The 2020 presidential election could go into overtime.
This can only be possible if we repeat the 2016 candidates for the two main political parties. If there is anyone who can threaten the second term bid of president Nana Addo Dankwa Akufo-Addo, that person is ex-president John Dramani Mahama.
Statistics of the last poll point to this possibility.
If the National Democratic Congress (NDC) is to make a successful comeback in 2020, that would only be possible through Mahama as its presidential candidate. No more, no less! The other candidates aspiring for the NDC flagbearer position won’t be a match for Akufo-Addo on many fronts.
First, as the president of the country, he’s more experienced and popular than any present and past public officer. Second, it won’t take an expensive political campaign to market Akufo-Addo to the electorate as was the situation in the past. But it would take years and more of same to endear the other NDC candidates to Ghanaians.
Mahama has equal if not more of what makes Akufo-Addo a little better than the other NDC flagbearer aspirants. The two have had some of their appointees accused of corrupt practices.
Fact is, if corruption was said to be rife in Mahama’s regime, one can confidently say that it has gained notoriety more than ever in Akufo-Addo’s government.
Shady practices of appointees in the government of yesterday are taking place with fanfare in the regime of today. Nothing much has changed.
The only visible change in the country is that more of our unemployed graduates are today trekking from office to office hopelessly in search of jobs. At least this I know that the jobs are not coming but the promises to change the situation of Ghanaians keep coming. Exactly how this is possible, I can’t tell.
But like Mahama, one can say that Akufo-Addo is ninety percent away from fulfilling his highfalutin promises made to Ghanaians in 2016.
The one-district-one-factory (1-D, 1-F), one-village-one-dam (1-V, 1-D) and the $1million to every constituency promised among others have not seen the light of day, with less than two years to the next poll.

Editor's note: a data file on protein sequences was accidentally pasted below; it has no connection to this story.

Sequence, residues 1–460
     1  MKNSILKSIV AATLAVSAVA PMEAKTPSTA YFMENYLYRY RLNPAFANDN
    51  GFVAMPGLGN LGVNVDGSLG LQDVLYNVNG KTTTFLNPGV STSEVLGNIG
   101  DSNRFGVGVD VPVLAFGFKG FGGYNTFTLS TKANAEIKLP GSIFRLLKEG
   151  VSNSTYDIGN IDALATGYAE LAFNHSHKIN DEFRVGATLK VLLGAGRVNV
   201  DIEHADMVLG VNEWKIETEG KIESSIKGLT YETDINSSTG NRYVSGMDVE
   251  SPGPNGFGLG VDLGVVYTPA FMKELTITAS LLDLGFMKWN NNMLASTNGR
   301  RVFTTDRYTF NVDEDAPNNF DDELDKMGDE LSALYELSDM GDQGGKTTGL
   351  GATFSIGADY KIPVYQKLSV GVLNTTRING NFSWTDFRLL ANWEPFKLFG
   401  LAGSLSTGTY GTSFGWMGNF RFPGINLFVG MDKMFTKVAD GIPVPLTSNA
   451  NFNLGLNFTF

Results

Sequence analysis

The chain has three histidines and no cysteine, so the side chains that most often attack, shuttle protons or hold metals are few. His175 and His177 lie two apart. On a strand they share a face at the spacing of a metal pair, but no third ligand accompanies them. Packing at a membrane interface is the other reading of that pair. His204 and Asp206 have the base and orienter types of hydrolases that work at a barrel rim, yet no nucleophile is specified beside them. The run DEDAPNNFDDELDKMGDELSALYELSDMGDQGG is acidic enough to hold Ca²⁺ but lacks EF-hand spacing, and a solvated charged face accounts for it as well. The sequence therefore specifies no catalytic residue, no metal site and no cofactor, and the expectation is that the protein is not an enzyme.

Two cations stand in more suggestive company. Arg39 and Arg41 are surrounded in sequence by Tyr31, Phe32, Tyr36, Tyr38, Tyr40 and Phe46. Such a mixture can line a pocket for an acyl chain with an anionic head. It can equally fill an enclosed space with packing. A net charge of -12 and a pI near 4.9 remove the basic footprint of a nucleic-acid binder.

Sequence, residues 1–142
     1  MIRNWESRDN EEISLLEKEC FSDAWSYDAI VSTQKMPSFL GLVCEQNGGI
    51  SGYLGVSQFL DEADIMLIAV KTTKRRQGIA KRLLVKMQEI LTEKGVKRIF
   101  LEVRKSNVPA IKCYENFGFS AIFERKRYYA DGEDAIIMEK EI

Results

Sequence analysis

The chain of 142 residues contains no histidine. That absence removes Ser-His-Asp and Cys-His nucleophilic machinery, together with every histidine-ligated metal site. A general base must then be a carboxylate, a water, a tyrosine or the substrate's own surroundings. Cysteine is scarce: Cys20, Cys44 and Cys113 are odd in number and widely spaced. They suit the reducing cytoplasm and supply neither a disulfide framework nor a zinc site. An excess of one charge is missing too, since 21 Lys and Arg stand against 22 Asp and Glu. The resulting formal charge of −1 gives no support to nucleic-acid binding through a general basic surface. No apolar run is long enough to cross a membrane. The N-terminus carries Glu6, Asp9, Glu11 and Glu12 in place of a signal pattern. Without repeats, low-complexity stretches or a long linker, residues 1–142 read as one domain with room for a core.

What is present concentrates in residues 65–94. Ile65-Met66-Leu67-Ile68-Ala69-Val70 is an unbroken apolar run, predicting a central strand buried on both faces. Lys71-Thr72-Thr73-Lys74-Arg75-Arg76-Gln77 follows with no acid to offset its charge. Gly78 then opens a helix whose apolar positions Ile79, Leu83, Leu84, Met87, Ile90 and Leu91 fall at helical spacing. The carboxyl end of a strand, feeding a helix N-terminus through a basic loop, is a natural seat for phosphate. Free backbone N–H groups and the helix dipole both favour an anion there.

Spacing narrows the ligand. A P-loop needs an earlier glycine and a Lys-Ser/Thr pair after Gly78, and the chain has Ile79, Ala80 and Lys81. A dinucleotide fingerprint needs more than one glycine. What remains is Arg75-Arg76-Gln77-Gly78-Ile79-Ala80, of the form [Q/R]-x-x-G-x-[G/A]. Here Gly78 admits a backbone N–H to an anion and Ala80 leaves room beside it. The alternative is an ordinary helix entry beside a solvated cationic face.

I can’t tell when these promises would be accomplished but I can say that the dream of an NDC comeback in 2020 is very possible. And it can only be achieved when it rallies its strength and numbers across the country behind Mahama.
This, unassailable, was a challenge in 2016, resulting in the astounding defeat of Mahama to Akufo-Addo.
I have said in many quarters that Mahama lost to Akufo-Addo in the last poll, not because of the then NPP candidate’s many promises. It was because the abandoned NDC supporters chose to abandon their candidate.
The story in many NDC strongholds after the poll was the same: poor voter turnout. Analysis of the results showed that although Mahama’s 2012 votes dwindled in the last poll, they didn’t go to Akufo-Addo either. In many of those constituencies, Akufo-Addo didn’t get the votes lost by the NDC presidential candidate. This begged the question: where did the votes go?
Read my analysis of the 2016 poll results here: Live from the Woods: Akufo-Addo’s ‘dirty little secret’ that got him president
The answer could be found in Samuel Butler’s Erewhon. It’s a three-syllable word pronounced as E-re-whon.
If the votes went nowhere (the meaning of Erewhon) in 2016, they could then be redirected somewhere in 2020 if the NDC gets its supporters behind Mahama.
The chances of winning the next poll with an unknown candidate are significantly slim, dangerous and impossible.
The NDC can go for any of the new candidates if the aim is to win the 2024 general election and not the immediate one. That would be the best option in that circumstances.
But if the big picture is to win the 2020 presidential poll, I don’t see how a new candidate can unseat Akufo-Addo.
That’s patently impossible.
You can’t put your wrong foot forward in a game of chance when you can confidently stand on the right one.
Kwabena Brakopowers is a journalist, novelist, and essayist whose works focus on politics, migration, social situation, economic and environmental issues. He spends his time writing either in Accra or Monrovia, where he calls his second home. He could be reached at Brakomen@outlook.com or visit www.brakopowers.com to read about him